Countries should use the more than €700 billion available under EU recovery plans to adapt to new social and economic realities, MEPs say.
The EU’s Recovery and Resilience Facility was set up at the height of the Covid-19 crisis to help EU countries support struggling businesses and people. While the EU’s economy rebounded in 2021 after a sharp fall in 2020, new economic and social challenges are emerging with the war in Ukraine and the increase of energy and food prices.
More than a short-term relief instrument, the €723,8 billion Recovery and Resilience Facility is a future-oriented plan that finances reforms and investments proposed by EU countries in areas such as the green transition, digital transformation, health, social and economic resilience and support for young people.
In a report on the implementation of the Recovery and Resilience Facility so far, prepared by Parliament’s economic and budgets committees, MEPs stress that the money should be used effectively to ensure long-term benefits for the EU’s economy and society. They emphasise the need to increase the EU’s strategic autonomy, to reduce the dependence on imported fossil fuels and diversify energy sources.
Find out more about the Recovery and Resilience Facility
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Progress with implementation of recovery plans
Apart from a pre-financing instalment of up to 13% of the allocated funds, EU countries get the rest of their payments under the Recovery and Resilience Facility upon meeting specific targets and milestones.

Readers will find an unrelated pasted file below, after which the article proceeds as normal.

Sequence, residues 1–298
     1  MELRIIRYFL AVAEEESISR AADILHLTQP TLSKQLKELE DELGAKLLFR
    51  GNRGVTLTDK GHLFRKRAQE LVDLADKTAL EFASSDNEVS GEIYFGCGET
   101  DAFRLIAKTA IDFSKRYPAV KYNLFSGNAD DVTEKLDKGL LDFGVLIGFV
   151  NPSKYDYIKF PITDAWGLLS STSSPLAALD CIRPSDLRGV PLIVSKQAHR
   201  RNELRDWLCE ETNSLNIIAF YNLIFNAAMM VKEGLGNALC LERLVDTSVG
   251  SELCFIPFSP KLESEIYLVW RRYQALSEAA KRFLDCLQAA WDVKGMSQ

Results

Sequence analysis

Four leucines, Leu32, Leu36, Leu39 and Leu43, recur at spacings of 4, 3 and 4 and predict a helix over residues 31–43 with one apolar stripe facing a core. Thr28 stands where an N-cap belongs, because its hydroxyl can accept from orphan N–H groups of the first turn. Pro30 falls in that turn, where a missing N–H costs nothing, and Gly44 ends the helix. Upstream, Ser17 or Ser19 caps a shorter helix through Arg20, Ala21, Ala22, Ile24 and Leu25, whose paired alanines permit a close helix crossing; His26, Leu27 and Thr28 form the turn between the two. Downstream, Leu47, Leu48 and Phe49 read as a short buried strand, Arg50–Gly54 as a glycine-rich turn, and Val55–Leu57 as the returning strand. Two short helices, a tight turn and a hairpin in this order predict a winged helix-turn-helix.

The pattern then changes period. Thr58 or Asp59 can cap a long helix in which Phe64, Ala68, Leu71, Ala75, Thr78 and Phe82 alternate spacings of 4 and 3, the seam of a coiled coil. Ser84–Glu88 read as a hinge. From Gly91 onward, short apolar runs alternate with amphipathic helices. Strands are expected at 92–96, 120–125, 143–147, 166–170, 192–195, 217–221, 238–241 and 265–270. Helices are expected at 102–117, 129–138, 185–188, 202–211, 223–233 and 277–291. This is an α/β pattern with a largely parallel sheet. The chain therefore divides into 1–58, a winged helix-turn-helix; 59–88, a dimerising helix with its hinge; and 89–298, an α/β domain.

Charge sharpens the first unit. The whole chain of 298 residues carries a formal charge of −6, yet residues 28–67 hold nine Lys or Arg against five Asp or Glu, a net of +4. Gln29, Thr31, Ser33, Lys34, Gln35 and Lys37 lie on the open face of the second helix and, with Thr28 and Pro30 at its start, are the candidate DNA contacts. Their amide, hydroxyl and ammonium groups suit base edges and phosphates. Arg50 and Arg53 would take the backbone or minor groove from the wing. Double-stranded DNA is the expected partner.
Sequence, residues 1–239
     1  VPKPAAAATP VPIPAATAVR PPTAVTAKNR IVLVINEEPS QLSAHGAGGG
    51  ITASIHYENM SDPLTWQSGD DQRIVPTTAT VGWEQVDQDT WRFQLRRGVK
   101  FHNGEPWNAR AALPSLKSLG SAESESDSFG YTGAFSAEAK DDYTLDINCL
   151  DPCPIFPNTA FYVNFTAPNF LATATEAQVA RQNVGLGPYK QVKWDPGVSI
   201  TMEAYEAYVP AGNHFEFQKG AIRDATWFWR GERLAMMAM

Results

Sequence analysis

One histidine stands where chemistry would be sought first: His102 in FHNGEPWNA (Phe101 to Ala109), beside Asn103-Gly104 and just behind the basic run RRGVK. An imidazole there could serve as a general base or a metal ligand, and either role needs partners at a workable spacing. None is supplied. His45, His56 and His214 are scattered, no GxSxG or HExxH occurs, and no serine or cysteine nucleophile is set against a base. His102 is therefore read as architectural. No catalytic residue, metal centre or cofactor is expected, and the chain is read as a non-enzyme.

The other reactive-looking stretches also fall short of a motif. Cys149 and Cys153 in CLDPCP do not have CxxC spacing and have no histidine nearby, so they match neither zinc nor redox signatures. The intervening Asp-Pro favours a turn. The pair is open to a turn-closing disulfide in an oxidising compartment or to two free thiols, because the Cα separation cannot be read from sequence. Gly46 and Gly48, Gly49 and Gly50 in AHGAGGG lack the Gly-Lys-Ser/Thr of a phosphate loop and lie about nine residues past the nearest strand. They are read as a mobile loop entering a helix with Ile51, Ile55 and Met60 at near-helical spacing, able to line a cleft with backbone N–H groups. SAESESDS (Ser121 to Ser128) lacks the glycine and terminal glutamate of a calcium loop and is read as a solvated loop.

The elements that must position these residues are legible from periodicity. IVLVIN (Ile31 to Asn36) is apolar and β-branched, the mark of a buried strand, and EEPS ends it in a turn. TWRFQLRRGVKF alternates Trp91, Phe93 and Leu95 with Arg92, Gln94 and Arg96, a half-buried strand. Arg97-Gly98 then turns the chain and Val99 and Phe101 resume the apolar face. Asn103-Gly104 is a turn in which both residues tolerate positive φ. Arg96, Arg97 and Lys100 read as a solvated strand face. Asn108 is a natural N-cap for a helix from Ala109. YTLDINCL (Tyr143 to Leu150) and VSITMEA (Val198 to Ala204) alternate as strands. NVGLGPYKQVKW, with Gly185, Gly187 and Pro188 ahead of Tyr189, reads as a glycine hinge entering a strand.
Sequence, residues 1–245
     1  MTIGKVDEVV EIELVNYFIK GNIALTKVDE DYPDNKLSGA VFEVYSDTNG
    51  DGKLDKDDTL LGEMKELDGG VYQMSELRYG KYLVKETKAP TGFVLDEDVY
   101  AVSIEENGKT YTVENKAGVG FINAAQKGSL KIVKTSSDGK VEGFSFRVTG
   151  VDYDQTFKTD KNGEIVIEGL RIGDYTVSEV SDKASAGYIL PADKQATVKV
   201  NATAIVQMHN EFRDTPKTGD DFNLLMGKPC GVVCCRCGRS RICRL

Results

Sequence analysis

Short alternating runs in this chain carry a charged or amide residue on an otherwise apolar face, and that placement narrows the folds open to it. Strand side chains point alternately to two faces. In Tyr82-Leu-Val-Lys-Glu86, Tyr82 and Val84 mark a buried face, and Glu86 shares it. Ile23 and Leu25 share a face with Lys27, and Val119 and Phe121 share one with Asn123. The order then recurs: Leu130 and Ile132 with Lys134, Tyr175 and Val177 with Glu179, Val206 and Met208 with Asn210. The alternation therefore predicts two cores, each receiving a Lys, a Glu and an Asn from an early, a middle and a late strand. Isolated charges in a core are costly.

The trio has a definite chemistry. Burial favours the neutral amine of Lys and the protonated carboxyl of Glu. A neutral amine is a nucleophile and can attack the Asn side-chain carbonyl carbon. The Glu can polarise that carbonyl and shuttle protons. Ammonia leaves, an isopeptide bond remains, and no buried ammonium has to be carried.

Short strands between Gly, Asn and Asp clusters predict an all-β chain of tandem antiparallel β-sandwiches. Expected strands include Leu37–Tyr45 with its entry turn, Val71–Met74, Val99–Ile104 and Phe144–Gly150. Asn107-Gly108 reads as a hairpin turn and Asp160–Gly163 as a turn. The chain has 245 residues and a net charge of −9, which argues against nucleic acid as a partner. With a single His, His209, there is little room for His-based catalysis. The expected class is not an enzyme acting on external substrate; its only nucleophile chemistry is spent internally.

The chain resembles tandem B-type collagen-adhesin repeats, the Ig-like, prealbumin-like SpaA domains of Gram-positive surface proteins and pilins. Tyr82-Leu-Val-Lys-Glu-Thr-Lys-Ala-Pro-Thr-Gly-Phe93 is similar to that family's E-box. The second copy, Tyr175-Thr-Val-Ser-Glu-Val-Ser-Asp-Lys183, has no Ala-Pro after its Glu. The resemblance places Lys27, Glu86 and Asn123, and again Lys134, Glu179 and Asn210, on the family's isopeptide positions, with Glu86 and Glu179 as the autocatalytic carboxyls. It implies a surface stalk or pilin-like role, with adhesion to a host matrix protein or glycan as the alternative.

So far, most countries have received their pre-financing, while eight countries have made requests for a first payment and Spain has made a request for a second payment.
Three countries have not had their national plans approved: the Netherlands has not submitted its plan, while approval of the plans from Poland and Hungary has been held up because of concerns about the rule of law and risks related to fraud, conflicts of interest and corruption.
The European Commission gave its positive assessment of Poland’s national recovery plan on 1 June, which needs to be approved by the Council. Parliament criticised the Commission’s decision in a resolution adopted on 9 June, saying that full compliance with EU values is a prerequisite for any EU country to get recovery funds. MEPs also called on the Council not to give its approval until Poland meets all conditions.
Recovery funding goes to EU countries either as grants or as loans. Member states have made plans for almost the full amount of grants available, but have indicated they would like to use €166 billion out of the €385.8 billion available for loans.
MEPs urge countries to make use of the full potential of the Recovery and Resilience Facility, including loans, to counter the effects of the pandemic and emerging challenges.
The European Parliament is actively involved in scrutinising the implementation of the Recovery and Resilience Facility. MEPs hold debates and adopt resolutions on the topic, Parliament’s budgets and economic committees have regular discussions with commissioners (four meetings were held in 2021) and there are frequent meetings at the technical level with Commission officials (20 meetings in 2021).
MEPs want to make sure that the funds are used transparently and in compliance with the rules and that the Commission conducts effective monitoring and audit of the member states.
Parliament’s report notes that national public administrations face difficulties in absorbing all of the funding in a short space of time as all reforms and investments must be carried out by 2026. MEPs insist that local and regional authorities, social partners and civil society organisations should be involved in carrying out the national plans to ensure successful implementation and democratic accountability.
MEPs will vote on the report setting out Parliament’s views on the implementation of the Recovery and Resilience Facility on 23 June. The Commission is expected to present a report on the progress with recovery plans in mid-July.
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